Written evidence submitted by the Chartered Institute of Architectural Technologists [BSB 285]


Building Safety Bill: Call for evidence


The Chartered Institute of Architectural Technologists, (CIAT), is the lead body in Architectural Technology; it represents circa 10,000 Architectural Technology professionals


Chartered Architectural Technologists are the lead for the technological and technical design of a project; forming the link between concept, innovation and realisation. They are qualified to identify, investigate, research and evaluate the needs, functions and aspirations of society within the built environment and they ensure that projects are designed and constructed to be economical, environmentally sustainable and robust to perform efficiently and effectively within their planned life.


Chartered Architectural Technologists are qualified and competent in their field of practice such as offering full design services and managing building projects from conception to completion. The depth and breadth of specific functions may vary within the wide range of job roles of the Chartered Architectural Technologist but they must be conversant with the main aspects relating to design, technology, management and practice within a national and international context. 


How well does the Bill, as drafted, meet the Government’s own policy intentions? 


CIAT welcomes the draft Building Safety Bill as an enabling legislation to implement ‘Building A Safer Future’, Independent Review of Building Regulations and Fire Safety and other ongoing related activities led by BSI on competences.


CIAT supports the need for accountability for building safety at each stage of a project, including the requirement for an Accountable Person and the various duty-holders, linked to the   process of planning, designing, construction and using buildings.


We recognise that this proposed Bill must link with and be cross referenced to other existing legislation that is in place or under development. In particular, this needs to be transparent regarding clarity of purpose when there are titles, roles and functions in existing legislation such as the CDM Regulations 2015.   


The roles during the design, construction and refurbishment of buildings in the new regulatory regime are the same as those identified in the Construction (Design and Management) Regulations, commonly known as the CDM Regulations 2015.  However, the functions relating to the roles are different and it essential that these are made clear and be unambiguous.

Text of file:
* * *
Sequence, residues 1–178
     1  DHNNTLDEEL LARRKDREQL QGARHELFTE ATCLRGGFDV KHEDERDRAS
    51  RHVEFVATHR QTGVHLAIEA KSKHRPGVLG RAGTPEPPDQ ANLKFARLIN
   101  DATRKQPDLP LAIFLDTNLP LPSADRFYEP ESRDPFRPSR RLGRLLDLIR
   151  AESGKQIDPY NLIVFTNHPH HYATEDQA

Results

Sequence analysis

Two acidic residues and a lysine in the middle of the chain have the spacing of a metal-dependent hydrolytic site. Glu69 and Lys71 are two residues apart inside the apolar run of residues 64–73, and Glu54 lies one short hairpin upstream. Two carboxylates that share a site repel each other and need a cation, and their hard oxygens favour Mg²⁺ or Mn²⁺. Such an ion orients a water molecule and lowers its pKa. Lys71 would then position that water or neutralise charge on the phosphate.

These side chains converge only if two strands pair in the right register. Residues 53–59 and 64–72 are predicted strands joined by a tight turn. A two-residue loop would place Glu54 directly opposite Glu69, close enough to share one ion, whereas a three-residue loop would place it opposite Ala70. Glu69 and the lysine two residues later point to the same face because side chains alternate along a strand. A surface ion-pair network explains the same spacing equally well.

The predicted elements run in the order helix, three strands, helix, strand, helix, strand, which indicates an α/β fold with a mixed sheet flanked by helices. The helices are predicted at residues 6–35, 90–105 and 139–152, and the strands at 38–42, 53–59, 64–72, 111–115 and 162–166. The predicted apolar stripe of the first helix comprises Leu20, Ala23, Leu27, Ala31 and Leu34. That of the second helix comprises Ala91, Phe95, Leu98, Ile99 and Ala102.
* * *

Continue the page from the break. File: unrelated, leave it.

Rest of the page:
For example, the function of the proposed principal designer and principal contractor roles under the proposed draft Building Safety Bill require different competences and skills to those required under CDM and the doubling-up of these responsibilities will need to be clear and understandable to a range of stakeholders and users. We are currently working with BSI on such competencies and this has been identified as a key issue.



There are a number of areas that need further exploration and definition as the proposed draft legislation confuses roles and functions within the draft relating to principal designer and lead designer and furthermore to obligations cross referenced to  CDM 2015 such as responsibilities for compliance with building regulations .


There needs to be absolute clarity on each role and function, and we are concerned and doubtful that this is currently correct, understood and clear within the draft. We would be pleased to enter into a constructive dialogue with the Government to inform and help resolve these issues as we as an institute have significant experience in this field particularly in the practice and application of such legislation.   


It is of significance importance that this is resolved to ensure that all parties, particularly clients, building users and the public are not confused by terminology, title, role and function.


We would wish to avoid creating additional titles to the long list that is used within the industry and this also applies to reference to building control approver as there is already a function of Approved Inspector.


As such, we recommend that further consideration is necessary in this whole area and suggest that the titles, roles and functions should be tested, with all stakeholders, for understanding, correctness, practicality and robustness, and to prevent confusion.


We would further recommend the testing of the processes and practices to ensure that they are workable, efficient and effective. This includes value for money and affordable services as the impact and cost of PII on professional consultants may lead to limitations in such service provision. The demand and supply must be balanced against policy need to ensure that there is a system that is affordable and workable within industry constraints. This includes timescale as duration must be carefully considered within the context of a building project.



Does the draft Bill establish an appropriate scope for the new regulatory system? 


We are all aware of how Grenfell exposed various inadequacies in the current system for planning, designing, constructing and using buildings that led to the devastating fire and loss of life.  The focus of the Independent Review of Building Regulations and Fire Safety: Hackitt review was high-rise residential towers, which Dame Judith defined as buildings of as HRRBs (High Risk Residential Buildings).